Omar Cirilli

Omar Cirilli
Howard University | HU

PhD

About

34
Publications
10,285
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169
Citations
Introduction
Additional affiliations
November 2018 - January 2022
University of Florence
Position
  • PhD Student
Education
September 2016 - July 2018
University of Florence
Field of study
  • Vertebrate Paleontology

Publications

Publications (34)
Conference Paper
Full-text available
Umbria represents one of the most interesting areas for studying Pleistocene mammal faunas in Italy thanks to the great richness of fossiliferous sites distributed in all its territory. Most of the local faunal assemblages (LFAs) have been found in the Tiberino Basin, which extends over a large portion of the regional territory. Instead, in this wo...
Conference Paper
Full-text available
The Pliocene and Early Pleistocene three-toed horses of Western Eurasia (Caucasus, Anatolia, Balkans, Eastern and Central Europe, Italian and Iberian peninsulae and England) have been studied since the second half of the 19th Century, with the following taxa identified from several fossiliferous sites: “Hipparion” crassum, “Hipparion” rocinantis, “...
Article
Full-text available
The present work provides a revision of the complete fossil collection of Equus stehlini from the Italian Early Pleistocene (late Villafranchian) of the Upper Valdarno Basin (Tuscany, Italy). The species was originally described in the second half of the last century, even if recent studies questioned its distinct species status, considering it a s...
Article
We undertake a comparative mammalian zoogeographic analysis with the aim of revealing the extent to which the Dmanisi Early Pleistocene large mammal assemblage resembles, at the genus level, African, Arabian, and Eurasian localities of similar age. The inclusion of Old World Pliocene and Pleistocene mammalian faunas provides us with insights into t...
Article
The carnivore guild of the Early Pleistocene site of Dmanisi is among the most diverse of the Early Pleistocene of the entire Old World. It includes 14 carnivoran taxa: Homotherium latidens, Megantereon whitei, Panthera onca georgica, Acinonyx pardinensis, Lynx issiodorensis; Pachycrocuta brevirostris; Canis (Xenocyon) lycaonoides, Canis borjgali,...
Article
Equus stenonis is one of the most iconic fossil species of the Early Pleistocene. Although it is known from the 19th century, its taxonomic and evolutionary position has been extensively debated among equid specialists, including multiple interpretations. The current work aims to review the European E. stenonis record, by morphological, morphometri...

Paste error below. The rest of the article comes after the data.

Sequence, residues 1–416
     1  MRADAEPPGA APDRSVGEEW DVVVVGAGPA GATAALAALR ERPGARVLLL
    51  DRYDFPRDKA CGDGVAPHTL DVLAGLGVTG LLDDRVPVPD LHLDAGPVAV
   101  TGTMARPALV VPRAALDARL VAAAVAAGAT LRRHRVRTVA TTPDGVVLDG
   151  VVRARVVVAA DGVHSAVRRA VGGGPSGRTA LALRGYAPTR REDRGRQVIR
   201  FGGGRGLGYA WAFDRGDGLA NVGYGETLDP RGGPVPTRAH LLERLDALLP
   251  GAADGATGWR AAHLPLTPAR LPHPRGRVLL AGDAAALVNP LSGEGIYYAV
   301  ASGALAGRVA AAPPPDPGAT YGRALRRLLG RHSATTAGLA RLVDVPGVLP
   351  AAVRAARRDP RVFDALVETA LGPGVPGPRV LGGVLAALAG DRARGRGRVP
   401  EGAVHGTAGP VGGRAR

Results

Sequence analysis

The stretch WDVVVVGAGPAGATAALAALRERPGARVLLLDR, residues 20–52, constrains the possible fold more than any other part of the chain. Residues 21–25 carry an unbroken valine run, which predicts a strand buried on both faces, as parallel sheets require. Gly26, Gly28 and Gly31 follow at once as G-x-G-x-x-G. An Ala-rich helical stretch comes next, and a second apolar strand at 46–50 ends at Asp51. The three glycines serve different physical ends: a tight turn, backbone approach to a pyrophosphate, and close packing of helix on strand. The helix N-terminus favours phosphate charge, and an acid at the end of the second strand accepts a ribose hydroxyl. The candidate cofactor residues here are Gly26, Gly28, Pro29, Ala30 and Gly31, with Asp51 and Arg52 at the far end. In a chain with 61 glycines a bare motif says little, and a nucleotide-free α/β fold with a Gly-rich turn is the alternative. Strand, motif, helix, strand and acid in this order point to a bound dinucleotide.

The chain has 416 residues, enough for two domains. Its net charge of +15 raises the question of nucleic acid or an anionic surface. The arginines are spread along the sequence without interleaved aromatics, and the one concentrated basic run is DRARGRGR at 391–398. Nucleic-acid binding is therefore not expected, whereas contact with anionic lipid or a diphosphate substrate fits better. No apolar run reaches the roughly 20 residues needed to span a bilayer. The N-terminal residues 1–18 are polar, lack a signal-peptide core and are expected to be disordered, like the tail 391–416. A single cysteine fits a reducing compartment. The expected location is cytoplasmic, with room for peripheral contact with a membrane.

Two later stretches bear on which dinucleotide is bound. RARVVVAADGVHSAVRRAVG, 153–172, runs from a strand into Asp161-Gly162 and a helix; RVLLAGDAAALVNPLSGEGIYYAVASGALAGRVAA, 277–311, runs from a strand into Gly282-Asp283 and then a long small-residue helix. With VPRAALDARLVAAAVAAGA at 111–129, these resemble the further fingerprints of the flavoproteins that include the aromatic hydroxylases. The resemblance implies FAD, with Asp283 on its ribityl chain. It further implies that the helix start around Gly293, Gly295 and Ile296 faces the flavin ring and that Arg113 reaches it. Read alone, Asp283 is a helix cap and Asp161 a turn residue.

Article
The Equus datum has been established as a geochronologic 'instantaneous' migratory event of a North American Equus species into Eurasia at the beginning of the Pleistocene (2.58 Ma). A remarkable radiation of Equus followed across Eurasia and Africa. Dmanisi includes excellent remains of Equus, well calibrated between 1.85 and 1.76 Ma. Our morpholo...
Article
Free download - Share Link: https://authors.elsevier.com/a/1d6d8AlZXMPNI Abstract_Rhinocerotidae represents a common element in the Eurasian Pleistocene faunas. Origin, dispersal route, and biochronology of several species are still poorly understood due to gaps in the fossil record, in particular from central Eurasia. A remarkable collection of r...
Article
Full-text available
Evolution of the genus Equus has been a matter of long debate with a multitude of hypotheses. Currently, there is no consensus on either the taxonomic content nor phylogeny of Equus. Some hypotheses segregate Equus species into three genera, Plesippus, Allohippus and Equus. Also, the evolutionary role of European Pleistocene Equus stenonis in the o...
Article
Full-text available
The monodactyl horses of the genus Equus originated in North America during the Pliocene, and from the beginning of the Pleistocene, they have been an essential part of the large ungulate communities of Europe, North America and Africa. Understanding how body size of Equus species evolved and varied in relation to changes in environments and diet t...
Article
We undertake a redescription of the equid sample from the Early Pleistocene of Roca-Neyra, France. This locality has been recently calibrated at the Pliocene/Pleistocene boundary (2.6 ± 0.2 Ma) and therefore it is of interest for the first appearance of the genus Equus and last appearance of hipparionine horses. The Roca-Neyra equid sample, re-anal...
Article
Stenonine horses roamed across Eurasia for a long-time interval between the Early Pleistocene and the early Middle Pleistocene. These forms probably derived from North American Equus simplicidens and recent research suggests that they can be at the basis of the radiation of the extant African zebras. Equus stenonis is the most widespread stenonine...
Article
The Villafranchian fossil record of Perissodactyla is of a great interest because the appearance of the genus Equus and disappearance of the genus Tapirus mark important faunal turnovers. Here, we provide new data on Italian Villafranchian Tapiridae, Rhinocerotidae, and Equidae with updates from the last comprehensive review; most relevant are thos...
Article
Full-text available
Sahabi, Libya is an important latest Miocene locality having yielded an extensive paleobotanical and vertebrate fauna. Amongst the fossil mammals there occurs an extensive, species diverse record of hipparionine horses. We develop here a complete record of Sahabi Eurygnathohippus feibeli now based on dental and postcranial material, in comparison t...
Article
Full-text available